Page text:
After finishing his doctoral classes, Rev. King accepted the pastorate of a church in Montgomery, AL. His plans were to pastor the church while he finished his doctoral dissertation, with the goal of one day becoming a college or university president. Noble plans, without a doubt.
But God had other plans.
While in Montgomery, AL, a black lady in her 40s decided not to give up her seat on the bus to a white man. As a result, a boycott ensued, one thing led to another, and the young Martin Luther King Jr. found himself in the national spotlight.
Here is my favorite Martin Luther King Jr. story:
Early in the civil rights struggle, Rev. King was arrested and put in jail for driving 5 miles above the posted speed limit. After he was released, he and his family started receiving death threats.
One night, Rev. King was awakened by a phone call. The person on the other end said, “Listen, nigger, we’ve taken all we want from you. Before next week you’ll be sorry you ever came to Montgomery.”
Unable to go back to sleep, Rev. King went into the kitchen, fixed himself a cup of coffee, and sat at the kitchen table to have a conversation with God. Here is what he would later write about that night and that conversation with God:
“I got out of bed and began to walk the floor. Finally, I went to the kitchen and heated a pot of coffee. I was ready to give up. I tried to think of a way to move out of the picture without appearing to be a coward. In this state of exhaustion, when my courage had almost gone, I determined to take my problem to God. My head in my hands, I bowed over the kitchen table and prayed aloud. The words I spoke to God that midnight are still vivid in my memory. “I am here taking a stand for what I believe is right. But now I am afraid. The people are looking to me for leadership, and if I stand before them without strength and courage, they too will falter. I am at the end of my powers. I have nothing left. I’ve come to the point where I can’t face it alone.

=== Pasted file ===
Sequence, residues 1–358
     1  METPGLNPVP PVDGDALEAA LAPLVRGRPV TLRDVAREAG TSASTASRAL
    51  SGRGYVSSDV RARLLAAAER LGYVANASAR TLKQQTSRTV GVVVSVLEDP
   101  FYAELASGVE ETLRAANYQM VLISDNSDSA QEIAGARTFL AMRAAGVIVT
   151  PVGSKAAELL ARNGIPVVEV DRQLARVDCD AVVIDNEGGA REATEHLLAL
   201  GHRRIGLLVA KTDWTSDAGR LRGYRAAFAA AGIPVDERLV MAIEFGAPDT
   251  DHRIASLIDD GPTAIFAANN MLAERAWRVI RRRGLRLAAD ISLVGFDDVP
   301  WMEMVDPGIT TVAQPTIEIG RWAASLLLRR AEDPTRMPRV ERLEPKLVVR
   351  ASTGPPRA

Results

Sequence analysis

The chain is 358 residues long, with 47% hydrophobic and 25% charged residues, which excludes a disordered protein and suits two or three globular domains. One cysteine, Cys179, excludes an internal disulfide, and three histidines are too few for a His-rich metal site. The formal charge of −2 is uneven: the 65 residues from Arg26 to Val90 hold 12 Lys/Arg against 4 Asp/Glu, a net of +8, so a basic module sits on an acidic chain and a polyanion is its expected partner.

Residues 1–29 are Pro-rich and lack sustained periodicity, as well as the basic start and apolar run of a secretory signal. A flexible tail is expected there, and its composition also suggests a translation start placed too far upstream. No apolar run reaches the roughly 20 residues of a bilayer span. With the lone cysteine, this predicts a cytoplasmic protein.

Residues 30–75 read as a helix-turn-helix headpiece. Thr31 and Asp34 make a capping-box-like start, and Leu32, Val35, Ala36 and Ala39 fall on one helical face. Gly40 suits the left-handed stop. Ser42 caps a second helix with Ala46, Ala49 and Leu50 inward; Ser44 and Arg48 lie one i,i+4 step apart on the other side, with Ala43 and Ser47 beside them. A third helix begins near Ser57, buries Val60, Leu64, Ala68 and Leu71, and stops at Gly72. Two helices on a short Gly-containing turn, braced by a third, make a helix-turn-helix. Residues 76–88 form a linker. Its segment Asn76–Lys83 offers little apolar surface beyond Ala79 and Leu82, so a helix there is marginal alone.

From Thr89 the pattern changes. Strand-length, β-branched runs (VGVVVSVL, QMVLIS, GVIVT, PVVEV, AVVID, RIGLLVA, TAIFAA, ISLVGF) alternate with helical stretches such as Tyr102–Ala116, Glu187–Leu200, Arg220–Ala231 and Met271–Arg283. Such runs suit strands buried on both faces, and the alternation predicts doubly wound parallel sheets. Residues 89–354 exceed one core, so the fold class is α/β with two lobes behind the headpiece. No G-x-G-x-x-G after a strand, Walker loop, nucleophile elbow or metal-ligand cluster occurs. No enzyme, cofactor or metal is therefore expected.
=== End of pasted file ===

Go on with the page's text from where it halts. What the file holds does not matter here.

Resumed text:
At that moment I experienced the presence of the Divine as I had never before experienced him. It seemed as though I could hear the quiet assurance of an inner voice, saying, “Stand up for righteousness, stand up for truth. God will be at your side forever.” Almost at once my fears began to pass from me. My uncertainty disappeared. I was ready to face anything. The outer situation remained the same, but God had given me inner calm.”
Three days later, Rev. King’s home was bombed; but he had come to terms with the plan God had for his life. And the rest, as they say, is history.
Today, as we remember and celebrate the legacy of Dr. King, reflect on these questions:
What are your plans for your life?
Are your plans for your life noble plans?
Are you willing to let God change your noble plans, for His, even bigger and more noble plans?